Karnataka High Court: Section 144 Order Imposed In Bengaluru In December Illegal

The case concerned the legality of order passed under section 144, by the Bengaluru Police Commmssioner on December 18 banning all public rallies, which were to be held on December 19, against the Citizenship Amendment Act, in Bengaluru.

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The prohibitory orders imposed in Bengaluru under Section 144 of the Code of Criminal Procedure on December 18 in view of CAAProtest are “illegal” and cannot stand scrutiny of law”, held the High Court of Karnataka on Thursday.

The Section 144 order was imposed on December 18 last year, in the wake of protests against the Citizenship Amendment Act (CAA).

Two days after the prohibitory order was passed, the High Court had taken up for hearing a challenge filed against the same. On that date, the Court said it would look into the legality of the Section 144 order.

The case concerned the legality of order passed under section 144, by the Bengaluru Police Commmssioner on December 18 banning all public rallies, which were to be held on December 19, against the Citizenship Amendment Act, in Bengaluru.

The Bench headed by Chief Justice Abhay S Oka also posed a volley of questions to Advocate General Prabhuling Navadgi, who appeared for the state government. These included:

“When permission for carrying out protests was given to certain organisations, then how can it be canceled overnight?

Can a sweeping order under Section 144 cancel an already granted permission?

Can the state go under the assumption that every protest will disturb the peace?”

Petitions were filed in the Karnataka High Court by Rajya Sabha Member of Parliament Rajeev Gowda, Member of the Karnataka Legislative Assembly, Sowmya Reddy, and others. The petitions have prayed for quashing of the order passed by the state government on December 18.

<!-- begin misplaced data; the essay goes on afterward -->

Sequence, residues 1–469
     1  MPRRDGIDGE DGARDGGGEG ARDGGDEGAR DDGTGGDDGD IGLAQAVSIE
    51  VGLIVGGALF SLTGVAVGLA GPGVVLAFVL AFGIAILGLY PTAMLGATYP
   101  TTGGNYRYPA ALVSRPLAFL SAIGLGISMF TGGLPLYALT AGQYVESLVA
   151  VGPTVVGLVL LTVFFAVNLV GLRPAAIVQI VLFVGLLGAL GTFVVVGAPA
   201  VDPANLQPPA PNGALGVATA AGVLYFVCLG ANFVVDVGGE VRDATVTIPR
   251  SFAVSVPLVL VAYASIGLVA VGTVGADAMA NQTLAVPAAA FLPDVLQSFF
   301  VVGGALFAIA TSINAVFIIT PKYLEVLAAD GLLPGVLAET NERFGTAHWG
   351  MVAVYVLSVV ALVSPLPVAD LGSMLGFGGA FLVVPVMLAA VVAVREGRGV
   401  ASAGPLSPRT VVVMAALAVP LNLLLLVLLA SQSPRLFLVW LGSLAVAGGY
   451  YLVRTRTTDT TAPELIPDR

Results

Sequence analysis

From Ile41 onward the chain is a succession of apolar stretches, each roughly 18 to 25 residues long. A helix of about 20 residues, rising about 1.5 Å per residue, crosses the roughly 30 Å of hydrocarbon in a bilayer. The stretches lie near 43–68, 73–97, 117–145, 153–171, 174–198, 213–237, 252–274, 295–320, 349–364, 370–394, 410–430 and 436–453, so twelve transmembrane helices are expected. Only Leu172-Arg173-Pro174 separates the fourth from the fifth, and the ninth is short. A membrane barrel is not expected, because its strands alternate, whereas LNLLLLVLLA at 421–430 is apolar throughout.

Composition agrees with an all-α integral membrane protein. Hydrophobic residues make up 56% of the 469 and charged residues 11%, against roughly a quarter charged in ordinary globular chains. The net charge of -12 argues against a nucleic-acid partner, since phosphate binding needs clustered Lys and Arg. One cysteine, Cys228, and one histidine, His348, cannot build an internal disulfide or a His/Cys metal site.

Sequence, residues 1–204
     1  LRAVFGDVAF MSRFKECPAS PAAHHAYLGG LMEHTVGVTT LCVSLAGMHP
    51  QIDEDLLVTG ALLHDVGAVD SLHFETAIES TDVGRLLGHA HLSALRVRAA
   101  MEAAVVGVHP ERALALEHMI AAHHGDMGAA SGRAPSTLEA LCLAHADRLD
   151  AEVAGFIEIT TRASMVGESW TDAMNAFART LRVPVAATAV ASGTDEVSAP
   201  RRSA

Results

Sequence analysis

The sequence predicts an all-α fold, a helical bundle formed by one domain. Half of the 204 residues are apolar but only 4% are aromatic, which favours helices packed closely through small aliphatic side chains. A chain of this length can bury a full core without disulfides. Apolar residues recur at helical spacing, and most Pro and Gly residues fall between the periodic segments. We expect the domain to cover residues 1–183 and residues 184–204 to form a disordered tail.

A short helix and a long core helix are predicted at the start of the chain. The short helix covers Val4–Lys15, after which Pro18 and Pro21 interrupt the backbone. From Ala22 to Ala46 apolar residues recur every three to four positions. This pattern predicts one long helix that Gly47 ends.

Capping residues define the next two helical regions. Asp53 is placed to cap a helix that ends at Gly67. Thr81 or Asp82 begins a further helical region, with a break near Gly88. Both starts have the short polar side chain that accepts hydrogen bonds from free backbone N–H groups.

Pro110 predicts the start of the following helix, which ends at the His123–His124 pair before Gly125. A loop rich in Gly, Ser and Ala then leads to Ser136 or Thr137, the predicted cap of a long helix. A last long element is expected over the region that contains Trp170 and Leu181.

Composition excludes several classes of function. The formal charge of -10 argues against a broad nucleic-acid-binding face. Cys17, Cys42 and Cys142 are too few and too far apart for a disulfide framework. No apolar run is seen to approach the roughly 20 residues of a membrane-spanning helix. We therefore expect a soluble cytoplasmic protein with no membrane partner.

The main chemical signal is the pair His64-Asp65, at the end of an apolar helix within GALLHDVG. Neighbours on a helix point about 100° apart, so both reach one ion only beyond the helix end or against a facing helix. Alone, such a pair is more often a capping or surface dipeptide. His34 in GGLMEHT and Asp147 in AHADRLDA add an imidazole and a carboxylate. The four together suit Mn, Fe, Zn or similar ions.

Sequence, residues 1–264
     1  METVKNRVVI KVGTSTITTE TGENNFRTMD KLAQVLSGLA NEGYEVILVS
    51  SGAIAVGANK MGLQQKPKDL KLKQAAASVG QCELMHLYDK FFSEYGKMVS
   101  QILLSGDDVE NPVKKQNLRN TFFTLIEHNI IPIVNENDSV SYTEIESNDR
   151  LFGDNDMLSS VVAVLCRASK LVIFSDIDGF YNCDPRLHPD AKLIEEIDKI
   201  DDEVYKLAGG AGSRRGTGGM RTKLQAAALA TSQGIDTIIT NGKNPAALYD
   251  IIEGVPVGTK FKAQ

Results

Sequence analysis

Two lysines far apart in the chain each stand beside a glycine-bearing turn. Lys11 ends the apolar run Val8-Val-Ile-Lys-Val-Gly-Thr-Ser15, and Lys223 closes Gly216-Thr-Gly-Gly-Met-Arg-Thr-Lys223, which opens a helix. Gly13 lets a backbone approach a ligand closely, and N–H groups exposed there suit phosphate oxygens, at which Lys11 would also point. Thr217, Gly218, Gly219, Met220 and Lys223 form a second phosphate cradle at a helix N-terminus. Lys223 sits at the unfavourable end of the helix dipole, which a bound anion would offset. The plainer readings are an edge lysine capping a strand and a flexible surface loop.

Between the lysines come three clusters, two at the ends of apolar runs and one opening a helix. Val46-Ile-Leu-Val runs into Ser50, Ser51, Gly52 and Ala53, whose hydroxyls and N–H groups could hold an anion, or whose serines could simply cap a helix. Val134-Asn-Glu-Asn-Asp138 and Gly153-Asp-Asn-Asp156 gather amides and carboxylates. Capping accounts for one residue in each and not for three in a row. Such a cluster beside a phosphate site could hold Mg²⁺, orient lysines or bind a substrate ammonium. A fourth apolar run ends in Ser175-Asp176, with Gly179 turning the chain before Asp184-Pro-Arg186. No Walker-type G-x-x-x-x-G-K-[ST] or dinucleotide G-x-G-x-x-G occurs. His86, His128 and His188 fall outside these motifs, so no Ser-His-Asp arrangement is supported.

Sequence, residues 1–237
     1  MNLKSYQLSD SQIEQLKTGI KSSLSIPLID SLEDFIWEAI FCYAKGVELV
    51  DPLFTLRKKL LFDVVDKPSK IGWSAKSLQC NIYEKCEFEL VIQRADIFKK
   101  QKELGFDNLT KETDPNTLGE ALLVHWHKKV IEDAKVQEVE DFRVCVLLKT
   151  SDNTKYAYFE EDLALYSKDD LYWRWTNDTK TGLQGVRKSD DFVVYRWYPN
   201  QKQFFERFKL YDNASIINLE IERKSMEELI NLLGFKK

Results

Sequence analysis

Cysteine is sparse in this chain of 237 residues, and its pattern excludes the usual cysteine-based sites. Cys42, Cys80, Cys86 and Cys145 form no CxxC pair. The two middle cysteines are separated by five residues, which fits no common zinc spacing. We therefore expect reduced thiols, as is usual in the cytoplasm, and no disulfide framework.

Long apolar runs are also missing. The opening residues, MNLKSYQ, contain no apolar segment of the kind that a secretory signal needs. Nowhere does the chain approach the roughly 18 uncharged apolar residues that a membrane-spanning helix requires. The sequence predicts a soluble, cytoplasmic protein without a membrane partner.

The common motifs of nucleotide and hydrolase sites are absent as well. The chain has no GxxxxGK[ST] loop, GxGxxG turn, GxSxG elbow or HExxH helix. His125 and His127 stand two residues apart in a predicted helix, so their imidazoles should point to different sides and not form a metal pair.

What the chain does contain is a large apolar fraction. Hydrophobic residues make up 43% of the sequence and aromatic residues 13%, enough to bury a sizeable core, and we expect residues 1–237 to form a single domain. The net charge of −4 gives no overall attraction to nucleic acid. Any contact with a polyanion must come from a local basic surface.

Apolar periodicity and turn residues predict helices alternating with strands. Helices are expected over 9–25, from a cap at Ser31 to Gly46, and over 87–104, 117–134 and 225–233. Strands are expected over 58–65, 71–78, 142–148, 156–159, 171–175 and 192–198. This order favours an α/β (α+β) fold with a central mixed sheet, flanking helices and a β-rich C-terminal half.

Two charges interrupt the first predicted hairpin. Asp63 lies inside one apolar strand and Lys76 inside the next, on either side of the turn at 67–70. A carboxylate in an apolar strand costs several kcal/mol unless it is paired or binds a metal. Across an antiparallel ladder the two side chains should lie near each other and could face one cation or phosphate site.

During the course of the hearings, the state government agreed to allow fresh applications for permission to conduct protests. The police would then consider these applications and decide them within 3-4 days, Navadgi had submitted before the Court.

After filing its statement of objections to the pleas, the state government on January 8 had stated before the Court that it was consistently respecting the people’s right to protest. It was also argued that the fundamental right to peaceful protest was subject to reasonable restrictions.

AG Navadgi further argued that Section 144 only placed temporary restrictions on the fundamental rights of the petitioners in order to ensure the safety of the public. He also stated that communications of the Divisional Deputy Commissioners were issued on the basis of various intelligence reports, which indicated that certain antisocial persons and organizations were planning to infiltrate the otherwise peaceful protests.

Senior advocate, Ravi Verma Kumar appearing for one of the petitioners, Leo Saldanha, and others, had argued that “The order passed is arbitrary and ex-facie illegal as there is no formation of opinion. Police can only regulate the rallies/dharnas or processions they cannot prohibit protest, it is a Fundamental Right of Citizen, guaranteed under article 19 of the Constitution of India.”

Read More: Karnataka: Anti-CAA-NRC-NPR protests in Hubballi by Sanitation Workers

 

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